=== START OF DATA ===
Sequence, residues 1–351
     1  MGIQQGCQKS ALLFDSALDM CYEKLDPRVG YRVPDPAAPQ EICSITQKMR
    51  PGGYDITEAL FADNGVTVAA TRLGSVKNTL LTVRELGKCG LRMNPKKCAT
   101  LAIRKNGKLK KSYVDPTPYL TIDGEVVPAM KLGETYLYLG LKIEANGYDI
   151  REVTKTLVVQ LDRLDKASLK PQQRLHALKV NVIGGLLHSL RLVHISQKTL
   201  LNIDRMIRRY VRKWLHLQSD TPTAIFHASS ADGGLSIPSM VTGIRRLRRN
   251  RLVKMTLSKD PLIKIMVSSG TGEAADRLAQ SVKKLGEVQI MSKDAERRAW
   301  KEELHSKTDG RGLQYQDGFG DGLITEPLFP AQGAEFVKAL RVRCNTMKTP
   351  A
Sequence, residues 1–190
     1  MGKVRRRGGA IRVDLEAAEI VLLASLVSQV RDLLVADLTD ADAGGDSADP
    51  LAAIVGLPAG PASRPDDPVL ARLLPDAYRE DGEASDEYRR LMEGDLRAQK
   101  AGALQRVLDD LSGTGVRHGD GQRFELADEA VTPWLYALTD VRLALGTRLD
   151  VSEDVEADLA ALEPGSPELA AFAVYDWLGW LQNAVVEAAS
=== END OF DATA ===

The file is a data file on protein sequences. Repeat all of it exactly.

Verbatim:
Sequence, residues 1–351
     1  MGIQQGCQKS ALLFDSALDM CYEKLDPRVG YRVPDPAAPQ EICSITQKMR
    51  PGGYDITEAL FADNGVTVAA TRLGSVKNTL LTVRELGKCG LRMNPKKCAT
   101  LAIRKNGKLK KSYVDPTPYL TIDGEVVPAM KLGETYLYLG LKIEANGYDI
   151  REVTKTLVVQ LDRLDKASLK PQQRLHALKV NVIGGLLHSL RLVHISQKTL
   201  LNIDRMIRRY VRKWLHLQSD TPTAIFHASS ADGGLSIPSM VTGIRRLRRN
   251  RLVKMTLSKD PLIKIMVSSG TGEAADRLAQ SVKKLGEVQI MSKDAERRAW
   301  KEELHSKTDG RGLQYQDGFG DGLITEPLFP AQGAEFVKAL RVRCNTMKTP
   351  A
Sequence, residues 1–190
     1  MGKVRRRGGA IRVDLEAAEI VLLASLVSQV RDLLVADLTD ADAGGDSADP
    51  LAAIVGLPAG PASRPDDPVL ARLLPDAYRE DGEASDEYRR LMEGDLRAQK
   101  AGALQRVLDD LSGTGVRHGD GQRFELADEA VTPWLYALTD VRLALGTRLD
   151  VSEDVEADLA ALEPGSPELA AFAVYDWLGW LQNAVVEAAS